Mission studies encourage justice work
The stories told at Mission u teach "that God is making a way, sometimes unseen and unheralded," a liturgist declared in July.
She was speaking about climate justice, one of three topics relevant to today that engaged 140 participants, including 26 youths and children, at the educational event in Oklahoma City. Also studied were the Church’s three missionary conferences — of which the Oklahoma Indian Missionary Conference (OIMC) is one — and the biblical call to live in covenant.
Christians are assured the liturgist’s declaration is true for those subjects, too. And Mission u programming "entices us to join in the mighty work" of the Creator "all over the earth."
Here are a few reports of climate justice work by people of faith, shared at Mission u.
Despite cancerous lesions on fish in a specific river, destitute people were catching them to feed their families in a part of Washington, D.C. Moved to action upon learning about this tragedy involving 17,000 people, one woman led an effort that now includes safe fish farms and community gardens. "It was the Holy Spirit leading the way all the time," said the woman in a video interview.
Villagers in Zimbabwe walk two hours to cut trees for crucial firewood. The deforestation caused a fourth-grader to wonder: Where is tomorrow’s supply? As an adult, she initiated an "environmental buddies" program of replanting. Even the children eagerly help collect seeds.
A member of United Methodist Women traveled to the Standing Rock Sioux reservation in North Dakota to stand with people protesting an oil pipeline project. The confrontation has involved not only the issue of climate justice (potential water pollution) but also Native American sovereignty. Standing Rock is "emblematic of how indigenous people have been treated," the UMW member said on the video.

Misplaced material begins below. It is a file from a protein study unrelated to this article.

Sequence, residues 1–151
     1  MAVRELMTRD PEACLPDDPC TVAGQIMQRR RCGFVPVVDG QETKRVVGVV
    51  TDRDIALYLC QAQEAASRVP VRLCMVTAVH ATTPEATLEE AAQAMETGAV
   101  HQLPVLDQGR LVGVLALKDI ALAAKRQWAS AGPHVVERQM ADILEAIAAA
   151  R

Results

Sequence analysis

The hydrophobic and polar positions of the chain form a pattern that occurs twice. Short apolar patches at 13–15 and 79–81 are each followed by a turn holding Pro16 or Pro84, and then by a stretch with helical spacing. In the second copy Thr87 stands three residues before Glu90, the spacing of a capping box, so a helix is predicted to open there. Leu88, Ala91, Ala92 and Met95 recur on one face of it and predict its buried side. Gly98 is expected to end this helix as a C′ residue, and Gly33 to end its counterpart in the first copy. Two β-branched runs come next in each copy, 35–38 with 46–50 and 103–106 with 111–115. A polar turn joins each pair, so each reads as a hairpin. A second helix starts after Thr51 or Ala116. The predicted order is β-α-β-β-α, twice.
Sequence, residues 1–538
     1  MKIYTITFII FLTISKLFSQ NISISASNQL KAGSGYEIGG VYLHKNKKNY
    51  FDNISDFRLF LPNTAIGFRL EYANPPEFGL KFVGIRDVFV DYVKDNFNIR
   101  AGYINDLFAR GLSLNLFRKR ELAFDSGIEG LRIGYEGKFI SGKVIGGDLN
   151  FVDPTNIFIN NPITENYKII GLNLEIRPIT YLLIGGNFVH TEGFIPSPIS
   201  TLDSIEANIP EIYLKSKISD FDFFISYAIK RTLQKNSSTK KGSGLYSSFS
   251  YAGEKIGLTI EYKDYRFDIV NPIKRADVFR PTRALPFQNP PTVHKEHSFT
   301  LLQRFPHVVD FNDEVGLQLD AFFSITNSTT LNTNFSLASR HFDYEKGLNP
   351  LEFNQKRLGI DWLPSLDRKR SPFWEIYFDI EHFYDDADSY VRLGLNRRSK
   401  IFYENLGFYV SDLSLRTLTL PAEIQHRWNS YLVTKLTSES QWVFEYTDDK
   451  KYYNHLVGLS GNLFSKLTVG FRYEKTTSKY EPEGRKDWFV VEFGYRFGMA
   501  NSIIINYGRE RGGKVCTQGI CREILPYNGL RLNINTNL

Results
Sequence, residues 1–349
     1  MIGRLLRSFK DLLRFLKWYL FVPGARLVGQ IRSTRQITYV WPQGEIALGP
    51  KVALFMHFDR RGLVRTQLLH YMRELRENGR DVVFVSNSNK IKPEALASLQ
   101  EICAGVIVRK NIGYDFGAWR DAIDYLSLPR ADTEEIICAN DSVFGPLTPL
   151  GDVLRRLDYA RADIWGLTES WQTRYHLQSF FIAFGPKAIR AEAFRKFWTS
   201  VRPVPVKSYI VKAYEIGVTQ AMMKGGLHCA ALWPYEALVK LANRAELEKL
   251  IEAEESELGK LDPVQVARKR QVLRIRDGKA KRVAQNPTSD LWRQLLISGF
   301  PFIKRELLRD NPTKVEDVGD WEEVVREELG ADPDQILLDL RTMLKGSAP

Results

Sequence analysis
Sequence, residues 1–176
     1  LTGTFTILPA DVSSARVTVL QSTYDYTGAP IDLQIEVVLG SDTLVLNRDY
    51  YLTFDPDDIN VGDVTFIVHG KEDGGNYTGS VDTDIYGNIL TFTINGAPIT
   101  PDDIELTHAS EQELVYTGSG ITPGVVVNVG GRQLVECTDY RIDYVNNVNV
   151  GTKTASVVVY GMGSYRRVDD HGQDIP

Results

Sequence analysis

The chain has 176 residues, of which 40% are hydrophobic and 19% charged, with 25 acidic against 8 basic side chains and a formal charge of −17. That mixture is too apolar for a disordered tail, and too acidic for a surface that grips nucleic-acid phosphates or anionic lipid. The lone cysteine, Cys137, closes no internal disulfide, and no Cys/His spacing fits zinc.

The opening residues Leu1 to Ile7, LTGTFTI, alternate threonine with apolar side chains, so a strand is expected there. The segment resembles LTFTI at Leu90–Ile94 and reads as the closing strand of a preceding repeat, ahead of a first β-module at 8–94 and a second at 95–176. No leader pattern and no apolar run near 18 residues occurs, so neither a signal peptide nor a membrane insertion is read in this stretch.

In each jurisdiction, trained UMW guides encourage sustainable efforts through the "Be Just. Be Green" initiative. And since the two-year climate justice study launched nationally, more than 800 youths and thousands of adults have been educated, according to Glenda Gilpin, Oklahoma UMW president.
OIMC members gave special leadership at Mission u. Pastor and retired missionary Meri Whitaker taught the study on missionary conferences. Dallas Parker, a descendant of Comanche Chief Quanah Parker, was a guest speaker.
Parker twice has been to Standing Rock, delivering OIMC donations and documenting activities there. He stressed how the protest began: Sioux youths literally walked from the reservation to Washington, D.C., to deliver a petition to the U.S. Corps of Engineers.
The plenary session with Parker included this reading: "In these stories we bear witness to generations who have suffered the impacts of broken covenant." The Apostle Paul’s letter to the Ephesians addressed heartache and conflict even in that ancient time.
Mission u participants are urged to act upon what they learn, teaching others, working for change. Resource materials are available at www.umwMissionResources.org, 800-305-9857. The DVD Library at the Conference headquarters, Oklahoma City, also has related videos; contact Chris Schutz, 405-530-2075.
The 2017 dean and assistant dean were Jo Ellen Reed and Betty Prentice. Mission u is made possible through the partnership of Oklahoma’s United Methodist Women and Mission & Service Ministry Team, hosted annually at Oklahoma City University. — by Holly McCray
Meri Whitaker and Dallas Parker of the OIMC gave leadership.
C.J. Shell and Warren Neff place their personal action cards within the outline of a cross.